The questionnaire was developed for the purposes of this study (copies available from the authors upon request). The survey was mailed to each family with a covering letter, which explained the rationale for undertaking this process, provided appropriate contact details and invited individuals to make direct contact with the investigators if questions or confusion arose. The questionnaires were directed to the parents of children with IBD, and hence reflecting parental impressions primarily, where appropriate parents were asked to consult with their child or to take their child’s impressions into account.

Parents were requested to complete the questionnaire and return it to the investigators using the enclosed stamped addressed envelope. Forms were not numbered and parents were asked not to add any identifying information upon the surveys, in order to ensure complete anonymity. This questionnaire was followed 2 mo later by a second letter. This generic letter was sent to all participants thanking those who had replied, and reminding those who were yet to complete the questionnaire to do so and return it.

Basic background data requested included the child’s age and gender, the specific IBD diagnosis and date of diagnosis. Parents were asked to detail their child’s current prescribed medications. The questionnaire asked the respondents to detail their concerns about their child’s condition within two categories: firstly, concerns held in the past and, secondly, their current concerns. In addition, parents were asked to provide comments regarding the care of their child within the IBD clinic, and their expectations for this clinic. Parents were asked to provide details of their experiences learning about IBD. A second questionnaire also was included, directed to the children’s use of complementary and alternative therapies, and would be reported separately.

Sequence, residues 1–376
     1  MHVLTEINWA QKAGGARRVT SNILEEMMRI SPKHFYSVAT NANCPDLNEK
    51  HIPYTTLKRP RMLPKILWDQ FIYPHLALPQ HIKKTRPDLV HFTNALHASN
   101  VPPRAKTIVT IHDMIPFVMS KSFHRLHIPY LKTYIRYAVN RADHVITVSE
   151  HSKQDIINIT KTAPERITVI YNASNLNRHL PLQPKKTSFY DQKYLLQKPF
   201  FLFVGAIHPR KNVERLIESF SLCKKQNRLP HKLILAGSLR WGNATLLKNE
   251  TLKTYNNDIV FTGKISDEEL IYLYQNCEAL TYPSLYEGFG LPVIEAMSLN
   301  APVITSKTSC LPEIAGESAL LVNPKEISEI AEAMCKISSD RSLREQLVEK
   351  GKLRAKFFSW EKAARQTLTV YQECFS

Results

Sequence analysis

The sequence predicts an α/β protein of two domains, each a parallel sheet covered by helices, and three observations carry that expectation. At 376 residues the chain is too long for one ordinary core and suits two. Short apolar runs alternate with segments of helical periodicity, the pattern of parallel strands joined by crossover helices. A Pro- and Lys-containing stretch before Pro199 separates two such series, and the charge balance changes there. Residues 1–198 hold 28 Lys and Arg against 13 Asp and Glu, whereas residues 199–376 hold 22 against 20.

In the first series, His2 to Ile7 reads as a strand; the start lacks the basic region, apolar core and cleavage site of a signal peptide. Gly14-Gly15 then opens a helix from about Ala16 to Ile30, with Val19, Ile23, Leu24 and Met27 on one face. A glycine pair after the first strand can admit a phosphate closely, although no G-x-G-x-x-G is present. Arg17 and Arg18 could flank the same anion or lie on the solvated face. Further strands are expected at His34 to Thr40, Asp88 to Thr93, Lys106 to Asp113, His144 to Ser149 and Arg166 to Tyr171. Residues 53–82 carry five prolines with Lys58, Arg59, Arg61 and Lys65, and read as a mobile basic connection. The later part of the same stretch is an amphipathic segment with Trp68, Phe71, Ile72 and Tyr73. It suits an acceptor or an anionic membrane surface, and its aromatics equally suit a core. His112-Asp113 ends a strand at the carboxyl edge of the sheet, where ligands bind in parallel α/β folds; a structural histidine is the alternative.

Prior to the commencement of the study period, 6 parents were asked at random to review each of the questions with subsequent amendments as appropriate. The study was conducted following institutional guidelines and approved by the Research Ethics Committee, South East Sydney Area Health Service.

Statistical analysis

Averaged data are expressed as mean±SD. Student’s t test was utilized in comparison between the groups of data. GraphPad InStat was employed for the analysis of data (GraphPad InStat version 3.00 for Windows 95, GraphPad Software, San Diego, CA, USA, http://www.graphpad.com ).

RESULTS
Patient descriptions

Sixty-five patients were seen against 148 appointments in the IBD Clinic over a 1-year period from March 2001. A further 10 children with IBD managed at Sydney Children’s Hospital over this period, but who had not yet been seen in the IBD clinic, were not included.

Of the 65 children, 60 were appropriate for inclusion in this study (remainder were not diagnosed with IBD) and questionnaires were mailed to each of these families. Forty-six questionnaires (77%) were returned by mail.